“Figure 2.3. Differences between traditional and digital reading workshops” on page 21 is a powerful chart to show how a workshop approach can adapt to integrate digital technologies for both reading, writing and responding to texts. For me, I need to envision what something could look like, and this chart gave me the snap-shot I needed to begin to imagine how the workshop approach would look different when digital reading was intentional and not an after-thought. 

The authors’ statement of the purpose of their digital reading workshop is absolutely beautiful, “We want our students to be authentic readers and, at the same time, to be intentional, active, and reflective as they read all forms of media. Our workshops are therefore set up with beliefs, routines, and expectations that we hope lead them to live their lives in authentic, intentional, and connected ways” (p. 22). And the questions they ask their readers really help put the focus on the student and his/her active participation within the workshop.  It is NOT a passive place – and I know that some students really struggle with this in the beginning of workshop.  They are accustomed to being told what to read and how to read it.  But, having used the workshop approach for years, I know that it is a powerful way to engage students in reading and learning.

12 comments:

  1. With all the standards and testing Reading Workshop seems to be falling to the wayside. Without continued support and PD many teachers fall back on what they are familiar with in their own learning - the traditional basal and worksheets. I love workshop and am dedicated to providing a authentic literacy environment for my third graders. Yes, it is very difficult for students and parents at first because they are accustomed to being told what to read! But I find when students have choice and ownership in their learning they are more motivated to do their best. I see digital literacy as the next step in making students reading and writing authentic and meaningful. So exciting to see what all these fabulous teachers are thinking and doing in their classrooms.

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    1. Debra,
      I know. I am seeing more canned programs being used in the name of standardization and providing "equal" opportunities for instruction. However, these programs don't engage students in authentic reading nor do they provide an environment that helps students learn to love reading. Choice, time, and responding to reading in real ways has shown to create life-long learners, not just test scores.
      Suz

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  2. Hi Suz,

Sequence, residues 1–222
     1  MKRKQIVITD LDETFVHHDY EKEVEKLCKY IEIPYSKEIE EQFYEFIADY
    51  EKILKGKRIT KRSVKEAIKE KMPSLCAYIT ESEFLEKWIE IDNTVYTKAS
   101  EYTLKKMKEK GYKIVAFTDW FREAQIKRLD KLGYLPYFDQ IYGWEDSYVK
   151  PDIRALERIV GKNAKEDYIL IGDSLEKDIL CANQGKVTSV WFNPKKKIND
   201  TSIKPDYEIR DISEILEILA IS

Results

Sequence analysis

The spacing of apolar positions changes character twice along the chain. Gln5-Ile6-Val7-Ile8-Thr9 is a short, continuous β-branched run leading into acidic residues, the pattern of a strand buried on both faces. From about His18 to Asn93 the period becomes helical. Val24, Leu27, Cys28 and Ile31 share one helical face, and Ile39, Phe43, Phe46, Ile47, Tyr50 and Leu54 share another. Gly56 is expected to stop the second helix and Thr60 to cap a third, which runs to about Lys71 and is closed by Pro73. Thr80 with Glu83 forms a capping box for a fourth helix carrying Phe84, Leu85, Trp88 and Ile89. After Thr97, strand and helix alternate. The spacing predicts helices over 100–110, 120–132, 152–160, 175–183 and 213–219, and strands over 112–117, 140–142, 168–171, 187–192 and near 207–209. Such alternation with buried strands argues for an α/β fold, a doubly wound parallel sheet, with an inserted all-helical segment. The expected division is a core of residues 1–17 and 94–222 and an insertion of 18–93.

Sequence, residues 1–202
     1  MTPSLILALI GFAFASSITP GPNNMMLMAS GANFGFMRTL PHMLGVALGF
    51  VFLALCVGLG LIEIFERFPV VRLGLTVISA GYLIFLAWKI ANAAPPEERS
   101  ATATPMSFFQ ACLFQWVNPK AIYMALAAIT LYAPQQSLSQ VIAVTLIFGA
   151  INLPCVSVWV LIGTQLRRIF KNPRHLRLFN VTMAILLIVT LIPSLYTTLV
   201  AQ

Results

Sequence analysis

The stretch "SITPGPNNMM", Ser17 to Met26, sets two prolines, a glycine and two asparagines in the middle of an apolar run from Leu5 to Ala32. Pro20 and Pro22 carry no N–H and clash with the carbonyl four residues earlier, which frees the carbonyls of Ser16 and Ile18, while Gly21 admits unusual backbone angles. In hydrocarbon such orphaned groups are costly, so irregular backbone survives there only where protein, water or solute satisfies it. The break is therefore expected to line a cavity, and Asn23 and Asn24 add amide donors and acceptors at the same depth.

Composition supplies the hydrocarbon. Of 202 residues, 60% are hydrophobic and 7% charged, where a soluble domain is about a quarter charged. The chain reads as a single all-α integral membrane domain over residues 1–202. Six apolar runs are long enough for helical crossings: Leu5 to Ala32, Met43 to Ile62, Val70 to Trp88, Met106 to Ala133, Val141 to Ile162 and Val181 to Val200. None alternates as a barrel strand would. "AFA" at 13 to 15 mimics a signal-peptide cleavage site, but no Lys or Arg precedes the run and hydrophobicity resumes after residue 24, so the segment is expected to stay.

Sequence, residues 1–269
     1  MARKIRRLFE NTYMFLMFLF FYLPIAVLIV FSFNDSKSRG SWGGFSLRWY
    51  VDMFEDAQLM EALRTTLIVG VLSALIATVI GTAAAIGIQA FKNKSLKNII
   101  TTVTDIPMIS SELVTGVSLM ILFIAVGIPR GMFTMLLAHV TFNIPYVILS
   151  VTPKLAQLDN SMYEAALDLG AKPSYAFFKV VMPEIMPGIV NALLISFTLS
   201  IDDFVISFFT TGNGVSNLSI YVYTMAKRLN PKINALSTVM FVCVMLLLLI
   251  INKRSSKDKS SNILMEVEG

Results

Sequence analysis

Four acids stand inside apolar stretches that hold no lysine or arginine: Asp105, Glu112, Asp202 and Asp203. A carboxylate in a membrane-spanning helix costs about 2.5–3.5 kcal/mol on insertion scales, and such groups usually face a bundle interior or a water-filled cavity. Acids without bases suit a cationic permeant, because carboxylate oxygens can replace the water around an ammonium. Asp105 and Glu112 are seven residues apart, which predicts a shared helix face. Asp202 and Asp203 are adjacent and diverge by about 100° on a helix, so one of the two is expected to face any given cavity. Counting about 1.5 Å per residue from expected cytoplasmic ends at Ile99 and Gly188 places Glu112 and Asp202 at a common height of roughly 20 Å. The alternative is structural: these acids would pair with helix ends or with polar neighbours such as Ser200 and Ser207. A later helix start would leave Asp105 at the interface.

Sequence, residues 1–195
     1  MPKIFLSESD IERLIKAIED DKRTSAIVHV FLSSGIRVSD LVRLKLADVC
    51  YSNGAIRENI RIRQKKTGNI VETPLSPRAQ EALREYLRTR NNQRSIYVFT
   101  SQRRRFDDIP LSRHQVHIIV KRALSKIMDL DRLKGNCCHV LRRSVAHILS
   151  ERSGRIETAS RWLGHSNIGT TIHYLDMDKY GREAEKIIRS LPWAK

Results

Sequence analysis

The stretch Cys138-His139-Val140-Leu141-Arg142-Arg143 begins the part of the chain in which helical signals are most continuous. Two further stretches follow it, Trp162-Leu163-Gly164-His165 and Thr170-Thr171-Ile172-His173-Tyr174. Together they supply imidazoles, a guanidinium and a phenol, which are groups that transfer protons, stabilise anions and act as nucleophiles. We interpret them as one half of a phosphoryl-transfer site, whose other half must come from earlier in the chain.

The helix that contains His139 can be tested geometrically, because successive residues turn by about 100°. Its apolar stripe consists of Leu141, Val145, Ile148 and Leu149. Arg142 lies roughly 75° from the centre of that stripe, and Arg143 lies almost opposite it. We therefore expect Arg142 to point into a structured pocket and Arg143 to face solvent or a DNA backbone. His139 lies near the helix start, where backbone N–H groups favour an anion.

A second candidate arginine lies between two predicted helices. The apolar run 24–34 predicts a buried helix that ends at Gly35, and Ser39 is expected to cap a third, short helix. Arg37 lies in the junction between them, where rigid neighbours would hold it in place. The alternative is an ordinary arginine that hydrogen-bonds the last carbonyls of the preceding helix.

So happy to see you joining in the conversations again! Interesting to hear about your real life learning examples from your nephews to the view of social media of the pre-service teachers! Technology needs to bring voice and choice into learning -- and that tools can be used in multiple ways, but all students (little and big) need that modeling and explicit instruction. I agree, it can be difficult to re-imagine an old tool in a new way ... keep trying!

    I appreciate that you created a list of the digital texts and tools that you currently use in your personal and professional life. I thought about it, but didn't do it ... yet. I think I'm more "old school" and still like my books and printed text in my hands! I need to continue stretching my own comfort zone of utilizing more digital texts and tools.

    I also agree that 21st century learning isn't just about technology -- it's about critical thinking and tech tools should enhance instruction, not hinder the purpose of learning. It is a fine line, but keeping in mind authenticity and purpose when planning instruction is essential. I also marked figure 2.3 about the differences between traditional and digital reading workshops. It isn't a stretch to move to the latter -- I thought of it as a +1 in Google. It's starting with the traditional and adding one to boost the learning through the use of technology. I also appreciate that the goal is not to move to all digital ... sometimes we still need that paper and pencil to do the job! It's about a variety of resources and tools that are available and knowing when to pick what resource.

    Thanks for sharing your insights and look forward to this month of learning together! It sounds like you are doing great work with the pre-service teachers and this text is offering you more to think about in your own classroom as well.
    Michelle

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    1. Michelle,

      Thanks for responding to my post. Each year #CyberPD has selected a book that I might not have picked up on my own, but because of the community of learners here, I learn so much each year and find ways to apply the knowledge in my college classes. I love the glimpses into other people's classroom and I can relay the ideas to my pre-service teachers.

      Throughout the book, Franki continues to emphasize the need to understand how and why to move between tools. I need to be more reflective (or Intentional) about my own choices so I can open my process to my students.